Illumina library construction and sequencing

Affinity purified nucleosomes from a single FLAG-H2Av (total H2Av) and two biological replicates for input, heterotypic, and homotypic purification were incubated with 0.1M NaCl and 10 mM EDTA for 4 hours at 65° to reverse the formaldehyde crosslinks. DNA was purified as described29, except that the Proteinase K digestion was extended to 1 hour. We prepared libraries with 100 ng of DNA as described (Illumina) and size-selected our libraries after linker addition to a total length of 100–600 bp. Samples were sequenced in paired-end mode (36-bp read length). For the 80 mM soluble chromatin we prepared libraries from 500 ng of DNA as described (Illumina) and size-selected our libraries to 100–600 bp. This library was sequenced in single-end mode (35-bp read length).

Data Processing

For paired-end data we aligned uniquely mapped 35-bp reads with paired-end alignment score greater than zero to Release 5 of the Drosophila melanogaster reference sequence (http://flybase.org) using Eland (Illumina) or Novoalign (Novocraft). Each interval count was divided by the total number of counts and rescaled by multiplying by 109.

To analyze reads by length, we divided up paired-end fragments into the following size classes: 55-bp (35–75 bp), 90-bp (76–110 bp), 130-bp (111–140 bp), 147-bp (141–160 bp), 170-bp (161–180 bp), > 180-bp (181–333 bp) and repeated the above processing for each size class, normalizing to the total number of counts for the size class.

For single-end data, we used all uniquely mapped reads and selected one location at random for reads that mapped to more than one location on the genome. We moved the position of each read to the middle of a 150-bp fragment, fit a Gaussian kernel density function with bandwidth 20 bp at 10-bp intervals, and normalized so that the values for each 10-bp interval equaled the number of reads for the chromosome arm. For individual strand analysis, we used only the reads mapped to the plus or minus strand and did not re-locate the read position before fitting the kernel density function53.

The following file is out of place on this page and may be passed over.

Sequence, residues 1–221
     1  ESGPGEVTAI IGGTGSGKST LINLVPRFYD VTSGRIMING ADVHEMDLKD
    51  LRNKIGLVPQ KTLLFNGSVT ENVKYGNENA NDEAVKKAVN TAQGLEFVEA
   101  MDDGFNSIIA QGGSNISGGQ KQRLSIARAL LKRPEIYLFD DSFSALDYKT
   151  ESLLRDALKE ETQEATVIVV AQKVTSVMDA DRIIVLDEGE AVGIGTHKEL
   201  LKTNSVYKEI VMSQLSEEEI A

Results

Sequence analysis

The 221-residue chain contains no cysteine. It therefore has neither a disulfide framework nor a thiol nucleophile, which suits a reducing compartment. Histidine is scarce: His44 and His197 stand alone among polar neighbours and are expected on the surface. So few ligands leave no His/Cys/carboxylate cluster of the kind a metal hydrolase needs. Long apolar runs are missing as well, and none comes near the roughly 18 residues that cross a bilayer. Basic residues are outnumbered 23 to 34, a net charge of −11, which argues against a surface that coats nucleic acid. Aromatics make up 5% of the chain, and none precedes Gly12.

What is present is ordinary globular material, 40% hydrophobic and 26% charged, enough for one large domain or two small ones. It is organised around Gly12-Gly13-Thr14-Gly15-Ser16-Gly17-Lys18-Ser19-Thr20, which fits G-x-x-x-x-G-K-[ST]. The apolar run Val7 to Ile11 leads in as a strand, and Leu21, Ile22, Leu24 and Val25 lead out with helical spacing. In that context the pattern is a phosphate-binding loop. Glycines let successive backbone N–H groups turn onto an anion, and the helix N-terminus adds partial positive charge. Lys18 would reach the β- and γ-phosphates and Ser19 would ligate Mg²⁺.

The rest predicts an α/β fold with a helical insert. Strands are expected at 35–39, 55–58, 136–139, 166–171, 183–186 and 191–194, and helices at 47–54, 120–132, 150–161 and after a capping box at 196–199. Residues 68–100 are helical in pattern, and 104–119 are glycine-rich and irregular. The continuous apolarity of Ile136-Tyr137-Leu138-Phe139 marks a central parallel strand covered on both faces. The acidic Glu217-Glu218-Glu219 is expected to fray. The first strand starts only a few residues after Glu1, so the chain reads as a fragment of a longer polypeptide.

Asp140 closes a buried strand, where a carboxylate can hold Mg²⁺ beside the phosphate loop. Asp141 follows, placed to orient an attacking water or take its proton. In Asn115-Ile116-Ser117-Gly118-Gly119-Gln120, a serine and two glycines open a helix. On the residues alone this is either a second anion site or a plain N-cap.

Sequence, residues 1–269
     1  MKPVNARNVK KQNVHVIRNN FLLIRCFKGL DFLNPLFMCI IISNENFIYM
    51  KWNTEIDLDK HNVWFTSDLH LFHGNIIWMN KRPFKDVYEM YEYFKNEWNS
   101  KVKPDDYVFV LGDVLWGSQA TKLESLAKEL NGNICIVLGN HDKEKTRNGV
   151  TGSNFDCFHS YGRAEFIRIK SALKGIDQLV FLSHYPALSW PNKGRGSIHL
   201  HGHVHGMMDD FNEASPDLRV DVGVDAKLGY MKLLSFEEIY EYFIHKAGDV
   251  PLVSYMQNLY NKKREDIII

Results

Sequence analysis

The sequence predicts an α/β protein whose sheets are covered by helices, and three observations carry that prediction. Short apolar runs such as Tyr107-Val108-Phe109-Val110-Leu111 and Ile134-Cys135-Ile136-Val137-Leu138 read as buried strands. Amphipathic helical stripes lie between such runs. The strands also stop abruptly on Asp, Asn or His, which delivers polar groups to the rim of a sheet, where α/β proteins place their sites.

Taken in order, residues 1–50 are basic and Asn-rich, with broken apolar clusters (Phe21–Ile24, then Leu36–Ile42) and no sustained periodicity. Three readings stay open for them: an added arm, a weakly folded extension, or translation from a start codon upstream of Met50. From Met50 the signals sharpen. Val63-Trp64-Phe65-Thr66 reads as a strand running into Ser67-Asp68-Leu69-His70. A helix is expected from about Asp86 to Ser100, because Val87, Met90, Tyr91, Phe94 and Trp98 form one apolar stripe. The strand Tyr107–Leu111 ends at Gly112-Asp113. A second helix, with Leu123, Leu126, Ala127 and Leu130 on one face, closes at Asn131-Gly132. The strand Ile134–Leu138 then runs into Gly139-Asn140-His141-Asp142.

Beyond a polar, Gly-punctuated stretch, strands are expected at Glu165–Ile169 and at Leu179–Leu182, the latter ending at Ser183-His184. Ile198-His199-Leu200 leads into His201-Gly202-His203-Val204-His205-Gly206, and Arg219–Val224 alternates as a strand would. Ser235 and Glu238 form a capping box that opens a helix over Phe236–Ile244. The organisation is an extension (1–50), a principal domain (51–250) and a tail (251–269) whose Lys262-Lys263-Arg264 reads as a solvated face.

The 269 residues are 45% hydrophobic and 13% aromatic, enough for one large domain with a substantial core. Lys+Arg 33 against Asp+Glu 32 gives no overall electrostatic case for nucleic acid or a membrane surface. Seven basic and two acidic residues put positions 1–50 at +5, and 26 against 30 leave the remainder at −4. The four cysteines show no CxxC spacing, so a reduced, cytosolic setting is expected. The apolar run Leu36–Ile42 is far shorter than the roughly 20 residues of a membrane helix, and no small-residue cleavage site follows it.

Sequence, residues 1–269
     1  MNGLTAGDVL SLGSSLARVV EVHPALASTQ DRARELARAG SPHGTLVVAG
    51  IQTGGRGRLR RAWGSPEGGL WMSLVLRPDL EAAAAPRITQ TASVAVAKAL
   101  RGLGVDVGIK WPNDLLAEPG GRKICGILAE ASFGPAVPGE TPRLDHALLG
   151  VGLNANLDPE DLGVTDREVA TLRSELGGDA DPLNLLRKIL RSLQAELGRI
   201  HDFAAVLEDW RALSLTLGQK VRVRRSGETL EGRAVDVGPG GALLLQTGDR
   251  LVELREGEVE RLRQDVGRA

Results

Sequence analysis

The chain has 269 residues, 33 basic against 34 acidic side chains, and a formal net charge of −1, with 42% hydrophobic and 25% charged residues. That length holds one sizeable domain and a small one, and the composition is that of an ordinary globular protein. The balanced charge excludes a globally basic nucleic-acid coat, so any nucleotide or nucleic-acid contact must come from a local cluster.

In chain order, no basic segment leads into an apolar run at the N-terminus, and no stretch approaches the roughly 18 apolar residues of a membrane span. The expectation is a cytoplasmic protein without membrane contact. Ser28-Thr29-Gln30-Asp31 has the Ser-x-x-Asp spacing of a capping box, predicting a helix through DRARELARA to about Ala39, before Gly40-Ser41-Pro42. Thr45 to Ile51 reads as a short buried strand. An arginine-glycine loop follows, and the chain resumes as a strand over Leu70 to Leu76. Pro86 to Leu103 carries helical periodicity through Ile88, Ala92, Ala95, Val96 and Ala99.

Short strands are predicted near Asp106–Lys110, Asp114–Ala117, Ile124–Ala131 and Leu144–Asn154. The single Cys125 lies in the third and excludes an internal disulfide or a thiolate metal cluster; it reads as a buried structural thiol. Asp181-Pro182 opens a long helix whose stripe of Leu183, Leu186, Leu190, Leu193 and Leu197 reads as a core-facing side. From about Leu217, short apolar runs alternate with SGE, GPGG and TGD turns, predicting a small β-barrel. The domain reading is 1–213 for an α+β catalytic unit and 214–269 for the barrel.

Data Analysis

To analyze gene ends, we used 10,997 euchromatic genes with both the 5′ and 3′ ends annotated in FlyBase r5.23. If a gene had more than one transcript we used the longest one. We then rank-ordered genes based on expression level in S2 cells29, split these genes into quintiles, and calculated the average number of normalized reads using 10-bp bins. Contributions from neighboring transcription units were omitted during averaging. For stalled and unstalled genes we matched 950 stalled and 4,061 unstalled genes36. We repeated the ends analysis but filtered the gene to these two sets. We used 67,630 unique exons in euchromatin annotated in FlyBase r5.23. Transposons were analyzed essentially as previously described29. For analysis of epigenetic regulatory elements, we used published Zeste54 and EZ-PSC55 ChIP-chip binding data as previously described29, and averaged the paired-end data for all size classes at 50-bp resolution.

Supplementary Material


We thank Friedemann Loos for participating in early stages of this study, Andy Marty of the Hutchinson Center Shared Genomics Resource for Illumina sequencing, Elizabeth Greene for help with Solexa analysis, Robert Glaser (Wadsworth Center, New York State Department of Health) for the H2Av antibody and Melissa Conerly, Roger Deal, Paul Talbert and Erika Wolff for critical comments. This work was supported by the Howard Hughes Medical Institute.



GEO GSE21615.


C.M.W. performed the experiments, J.G.H. did the analysis, S.H. supervised the work, and C.M.W. and S.H. wrote the paper.


The authors declare that there are no competing financial interests.